Sea2Sea Remembers Fallen and Living Military

Great Video Summary of why Sea2Sea is doing what they do.

Link to original video on IndependentMail.com

Cross-country bike ride to highlight veterans’ needs

Link to Original Article

Cross-country bike ride to highlight veterans’ needs

By Michael EadsPosted February 28, 2014 at 9 p.m., updated February 28, 2014 at 9:10 p.m.

CLEMSON — A Six Mile native will ride his bicycle coast to coast this spring to raise awareness of veterans’ issues.

A crowd of over 100 students, veterans and well wishers gathered Friday afternoon in the Scroll of Honor Memorial across from Memorial Stadium to send off Tom von Kaenel on the Sea2Sea 2014 Challenge. Von Kaenel’s ride will take him from Key West, Fla., to Juneau, Alaska — a four-month trip covering 7,000 miles. A 2011 ride took him from Washington State to Arlington National Cemetery in Virginia.

“From my perspective, I’ve got to do something and this is what I’m doing,” von Kaenel told the crowd.

 

Sea 2 Sea remembers fallen and living military

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The Army veteran was inspired to work on behalf of returning Iraq and Afghanistan soldiers after recuperating in a U.S. military hospital in Germany in 2010 from injuries suffered during a vacation in the French Pyrenees mountains. Once recovered, he dedicated himself to raising money and awareness for organizations that serve the needs of this newest generation of American combat veterans.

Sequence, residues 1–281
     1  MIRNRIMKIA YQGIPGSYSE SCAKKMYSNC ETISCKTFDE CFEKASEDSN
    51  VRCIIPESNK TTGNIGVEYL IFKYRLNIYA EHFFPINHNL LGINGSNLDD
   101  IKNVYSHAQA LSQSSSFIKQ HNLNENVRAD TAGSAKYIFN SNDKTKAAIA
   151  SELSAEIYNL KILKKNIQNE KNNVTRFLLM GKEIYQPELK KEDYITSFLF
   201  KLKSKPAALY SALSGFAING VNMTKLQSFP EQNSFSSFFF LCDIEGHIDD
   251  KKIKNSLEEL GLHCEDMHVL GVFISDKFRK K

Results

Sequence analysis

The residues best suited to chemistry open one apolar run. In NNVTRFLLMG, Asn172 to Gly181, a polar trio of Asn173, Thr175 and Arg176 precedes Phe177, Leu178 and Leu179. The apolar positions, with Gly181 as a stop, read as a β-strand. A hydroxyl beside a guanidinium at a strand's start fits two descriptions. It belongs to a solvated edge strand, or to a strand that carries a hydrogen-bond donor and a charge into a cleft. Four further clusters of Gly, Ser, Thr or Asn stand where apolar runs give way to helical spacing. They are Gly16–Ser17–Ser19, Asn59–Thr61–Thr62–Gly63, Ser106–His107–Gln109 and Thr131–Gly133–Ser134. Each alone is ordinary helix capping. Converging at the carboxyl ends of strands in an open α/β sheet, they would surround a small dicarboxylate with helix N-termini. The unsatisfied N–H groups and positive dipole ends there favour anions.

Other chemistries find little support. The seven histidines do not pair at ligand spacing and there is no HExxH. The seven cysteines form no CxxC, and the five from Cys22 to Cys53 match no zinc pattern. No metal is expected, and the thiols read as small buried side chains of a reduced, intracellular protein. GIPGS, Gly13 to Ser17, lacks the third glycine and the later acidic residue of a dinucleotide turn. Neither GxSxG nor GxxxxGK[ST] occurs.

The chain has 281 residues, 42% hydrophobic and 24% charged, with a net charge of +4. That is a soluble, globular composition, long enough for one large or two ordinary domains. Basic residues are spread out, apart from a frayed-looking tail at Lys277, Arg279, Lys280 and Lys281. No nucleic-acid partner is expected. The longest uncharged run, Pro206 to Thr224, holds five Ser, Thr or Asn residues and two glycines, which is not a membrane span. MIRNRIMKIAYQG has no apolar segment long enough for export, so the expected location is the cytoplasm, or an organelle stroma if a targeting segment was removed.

Von Kaenel also shared the story of Travelers Rest resident Jason Scott Roth, a Marine lance corporal who took his own life last fall after waiting over a year for mental health treatment from the Department of Veterans Affairs. He said nearly one veteran takes his or her own life every hour on average because of being unable to get needed help and being unable to adjust to life back home.

One old friend showed up unannounced Friday to show his support for von Kaenel’s work for military veterans.

“I know Tom puts a lot of heart in it,” U.S. Sen. Lindsey Graham told the crowd. “I think most of us wish we could do more. We’re all trying to figure out what we can do.”